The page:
Table of Contents

After I started thinking more about what I posted on Twitter, I started posting things I cared more about. Then I realized I needed a way of making sure it didn’t disappear.

Back story

Over the years, I’ve used Twitter for different things.

Initially, I used it for the kind of banal, stream-of-consciousness updates that were in vogue at the time: an archive of AIM away messages, essentially. (I think I even entered them in all-lowercase at that point—eeesh!) As I got more comfortable with Twitter, I’d share more developed opinions on things, and actually talk with people. For the past couple of years, though, all Twitter really has done is give me a headache, and I’ve been thinking more closely about how I want to be using it.

I have two major problems with social media: I don’t like what it does to people, and I don’t like how it works. I’ll avoid getting into the first one.

Design-wise, I’m frustrated by the ephemeral nature of profile feeds. Nothing really lasts. Your most visible public presence is the handful of things you recently posted, and everything else is buried. (I call this the tip-of-the-iceberg problem.) The only way to get to older posts is to scroll. Features commonly found on most blogs that make it easier to browse or find old posts—categories, dated archives, etc—aren’t there. Hashtags are the closest thing there is to any means of classification, and they’re better than nothing, but I think the current implementation is flawed. That’s for a later post, though.

There’s a reason this problem hasn’t been solved: social networks don’t consider it a problem. Most users don’t care about their old posts getting buried, and I’d bet a lot of us are secretly glad to see our random outbursts settle into oblivion, given how many of our social media contributions are disposable things we knocked off on a whim. Some of us even go back and delete them. Why worry about making them more visible or accessible?

In short: because at least for me, I’m starting to see my social media presences as a portfolio of sorts. I think one major—admittedly idealistic—role of our online identities is to help other people see the better parts of who we are and what’s important to us, and it’s that understanding that guides a lot of what I put online these days.

I have a somewhat rose-tinted recollection of Twitter’s first couple of years, before it developed a reputation for being one of the web’s worst neighborhoods. I joined in the summer of 2007, and I remember it as feeling a lot like a lab/hangout/group studio; a place where work—often unfinished—was shared, similar to what Dribbble was in its early days. Twitter gave me a chance to look over the shoulders of all the smart people whose blogs I was reading, seeing what they were thinking before they put it into a post or article. I felt like I was in on something, like a backstage pass or sneak preview of sorts. It was a great way to stay on top of the industry and see who was experimenting with what.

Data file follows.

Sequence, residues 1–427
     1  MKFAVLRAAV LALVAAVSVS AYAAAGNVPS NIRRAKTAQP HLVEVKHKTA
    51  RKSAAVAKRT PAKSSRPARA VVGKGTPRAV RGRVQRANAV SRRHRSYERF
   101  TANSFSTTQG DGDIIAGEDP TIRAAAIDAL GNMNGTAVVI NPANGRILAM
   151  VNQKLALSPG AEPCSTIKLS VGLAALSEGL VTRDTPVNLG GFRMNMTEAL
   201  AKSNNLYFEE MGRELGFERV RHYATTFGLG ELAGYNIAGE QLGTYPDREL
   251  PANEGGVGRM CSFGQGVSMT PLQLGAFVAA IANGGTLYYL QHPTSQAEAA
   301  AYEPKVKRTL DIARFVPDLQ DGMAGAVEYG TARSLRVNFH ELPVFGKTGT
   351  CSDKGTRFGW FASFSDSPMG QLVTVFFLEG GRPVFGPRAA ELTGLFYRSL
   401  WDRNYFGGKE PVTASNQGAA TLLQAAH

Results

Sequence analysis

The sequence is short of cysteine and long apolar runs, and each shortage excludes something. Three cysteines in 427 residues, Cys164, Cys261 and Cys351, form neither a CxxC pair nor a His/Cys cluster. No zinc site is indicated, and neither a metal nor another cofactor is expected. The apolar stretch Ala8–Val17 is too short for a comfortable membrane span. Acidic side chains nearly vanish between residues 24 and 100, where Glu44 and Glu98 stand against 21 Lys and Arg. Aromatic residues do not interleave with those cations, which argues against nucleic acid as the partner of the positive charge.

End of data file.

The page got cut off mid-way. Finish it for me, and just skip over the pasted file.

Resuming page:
That’s my model for what I wish Twitter was. That loose, experimental spirit is still there, to some degree, but it’s buried in a lot of other stuff now. (The fact that Twitter is forcing increasingly less relevant content into the timeline does not help.)

With that in mind, I’ve shifted what I post towards creative experimentation, and less about opinionating.

I’ve always done a lot of experimenting on a regular basis: illustrations, typographic doodles, design approaches that I’ve wanted to try. Most of that work never makes it into the world, piling up in the various recesses of my hard drives and devices. Lately, I’ve been putting it on Twitter; it feels like a healthier, more satisfying use of the service than just snarking about stuff all the time. (Not that I’ve abstained completely from the more typical uses of Twitter; I’m just trying not to do that as much.)

I’ve been posting a lot of that work under my daily sketch project, but I’ve also shared more fully-formed illustrations and typographic experiments. I’m proud of this stuff. I want it to still be findable, even after it’s shifted down.

The index

I’ve decided to experiment with a device for making certain kinds of posts more accessible. It’s a time-honored concept: have a simple table of contents. Rather than linking to specific posts, each index item links to the closest Twitter lets you get to a WordPress-style archive: search results for a specific hashtag, limited to posts from my account. I think this provides a decent summary of what I’ve posted, and what I want to post. This is the important stuff. The rest is casual, and I’m happy to let that fade.